Indian battery recycling company Attero Recycling Pvt is planning to invest $1 billion over five years to build lithium-ion battery recycling plants in Europe, the US and Indonesia as demand for the metal surges amid the global shift to electric cars.
“There’s a tremendous amount of lithium-ion battery waste available for us to recycle,” Attero Chief Executive Officer and Co-Founder Nitin Gupta said in an interview. By 2030, 2.5 million tons of lithium-ion batteries will reach the end of their life, while currently there’s only the capacity for 0.7 million tons of battery waste to be recycled. “Lithium-ion batteries are becoming ubiquitous because they’re used in consumer electronics and electric vehicles,” he said.
Recycling spent batteries will be crucial for the supply of lithium, whose shortage is threatening the global switch to clean energy through electric vehicles. As lithium supply fails to keep up with demand, the prices of batteries — which make up about 50% of an EV’s cost — are rising sharply. Higher battery costs may make electric cars unaffordable for the masses and for value-conscious markets such as India, which is already lagging major nations like China in making the switch.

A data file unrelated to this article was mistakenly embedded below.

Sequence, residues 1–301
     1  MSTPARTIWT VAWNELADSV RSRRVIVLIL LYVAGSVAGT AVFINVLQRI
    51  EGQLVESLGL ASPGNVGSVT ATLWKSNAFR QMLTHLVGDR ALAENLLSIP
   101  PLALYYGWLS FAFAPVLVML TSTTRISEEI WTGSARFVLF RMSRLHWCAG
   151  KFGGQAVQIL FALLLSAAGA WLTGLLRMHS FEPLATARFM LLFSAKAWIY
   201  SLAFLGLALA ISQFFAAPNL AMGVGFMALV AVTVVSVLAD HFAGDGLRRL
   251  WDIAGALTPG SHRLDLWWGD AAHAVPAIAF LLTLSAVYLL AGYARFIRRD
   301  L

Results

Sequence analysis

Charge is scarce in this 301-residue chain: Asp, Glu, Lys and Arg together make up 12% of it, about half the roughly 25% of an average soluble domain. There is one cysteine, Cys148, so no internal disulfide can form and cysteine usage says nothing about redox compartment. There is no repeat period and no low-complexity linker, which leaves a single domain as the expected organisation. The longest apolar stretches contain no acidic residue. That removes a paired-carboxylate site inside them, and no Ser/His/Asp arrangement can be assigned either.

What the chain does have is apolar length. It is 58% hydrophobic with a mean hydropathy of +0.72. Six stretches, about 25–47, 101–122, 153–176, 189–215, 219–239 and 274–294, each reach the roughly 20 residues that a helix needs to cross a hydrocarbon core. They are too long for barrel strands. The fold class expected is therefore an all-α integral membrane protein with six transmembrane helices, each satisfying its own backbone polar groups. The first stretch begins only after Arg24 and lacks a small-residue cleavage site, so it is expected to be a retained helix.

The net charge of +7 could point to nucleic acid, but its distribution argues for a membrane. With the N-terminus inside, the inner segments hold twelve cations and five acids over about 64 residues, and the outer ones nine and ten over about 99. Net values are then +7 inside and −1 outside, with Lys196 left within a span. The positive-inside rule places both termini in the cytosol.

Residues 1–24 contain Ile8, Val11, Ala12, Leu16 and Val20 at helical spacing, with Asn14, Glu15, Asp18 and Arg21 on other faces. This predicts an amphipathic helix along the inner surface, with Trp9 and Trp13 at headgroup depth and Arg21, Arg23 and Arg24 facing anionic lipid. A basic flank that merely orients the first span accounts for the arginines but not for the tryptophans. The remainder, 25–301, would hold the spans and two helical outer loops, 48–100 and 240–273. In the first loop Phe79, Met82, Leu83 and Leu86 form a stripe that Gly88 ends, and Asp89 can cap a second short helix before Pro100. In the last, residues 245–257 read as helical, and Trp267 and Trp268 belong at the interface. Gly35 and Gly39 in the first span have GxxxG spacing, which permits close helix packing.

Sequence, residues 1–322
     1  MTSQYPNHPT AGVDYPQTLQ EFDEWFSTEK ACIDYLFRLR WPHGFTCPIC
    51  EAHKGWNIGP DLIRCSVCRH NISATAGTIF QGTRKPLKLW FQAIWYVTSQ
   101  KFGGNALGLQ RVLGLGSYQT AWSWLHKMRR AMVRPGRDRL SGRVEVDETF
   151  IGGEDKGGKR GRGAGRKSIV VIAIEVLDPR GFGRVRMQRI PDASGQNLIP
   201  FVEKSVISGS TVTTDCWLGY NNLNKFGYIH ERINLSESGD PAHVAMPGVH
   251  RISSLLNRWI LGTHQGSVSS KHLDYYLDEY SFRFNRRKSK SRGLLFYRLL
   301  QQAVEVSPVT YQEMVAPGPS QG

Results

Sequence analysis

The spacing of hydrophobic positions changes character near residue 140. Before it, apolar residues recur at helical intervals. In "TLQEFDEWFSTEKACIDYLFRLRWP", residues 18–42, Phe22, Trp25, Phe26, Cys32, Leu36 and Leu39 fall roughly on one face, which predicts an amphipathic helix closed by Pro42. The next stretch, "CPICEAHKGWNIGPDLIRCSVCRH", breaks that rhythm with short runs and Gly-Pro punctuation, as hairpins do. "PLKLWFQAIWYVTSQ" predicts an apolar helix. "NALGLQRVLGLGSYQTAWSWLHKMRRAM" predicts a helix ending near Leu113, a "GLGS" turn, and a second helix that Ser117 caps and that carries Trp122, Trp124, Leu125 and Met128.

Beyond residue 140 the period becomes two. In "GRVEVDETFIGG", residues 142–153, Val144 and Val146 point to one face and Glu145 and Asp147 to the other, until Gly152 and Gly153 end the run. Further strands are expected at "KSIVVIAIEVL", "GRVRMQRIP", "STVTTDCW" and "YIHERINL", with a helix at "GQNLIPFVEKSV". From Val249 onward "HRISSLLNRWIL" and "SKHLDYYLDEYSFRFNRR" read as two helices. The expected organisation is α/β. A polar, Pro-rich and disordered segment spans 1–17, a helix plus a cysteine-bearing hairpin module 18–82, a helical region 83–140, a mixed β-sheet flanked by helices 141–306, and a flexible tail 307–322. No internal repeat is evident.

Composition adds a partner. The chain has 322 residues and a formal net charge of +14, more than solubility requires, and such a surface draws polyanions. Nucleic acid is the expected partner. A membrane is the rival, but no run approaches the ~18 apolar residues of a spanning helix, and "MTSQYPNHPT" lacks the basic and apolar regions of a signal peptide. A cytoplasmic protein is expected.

With the $1 billion investment, Attero is seeking to recycle over 300,000 metric tons of lithium-ion battery waste annually by 2027, Gupta said. One facility in Poland will begin operating by the fourth quarter of 2022, while a plant in Ohio is expected to be up and running by the third quarter of 2023. A plant in Indonesia should be functional by the first quarter of 2024.
The expansion will help Attero, India’s largest lithium-ion battery recycling company, meet over 15% of the world’s demand for cobalt, lithium, graphite and nickel, Gupta said. Attero recycles all types of old lithium-ion batteries and then exports the output to gigafactories manufacturing battery cells outside of India. Attero mainly extracts critical metals such as cobalt, nickel, lithium, graphite and manganese, and its clients in India include Hyundai Motor Co., Tata Motors Ltd. and Maruti Suzuki India Ltd., among others, Gupta said.
Mining those metals, rather than getting them out of second-hand batteries, can cause environmental and social damage, he said, noting that extracting one ton of lithium requires 500,000 gallons of water.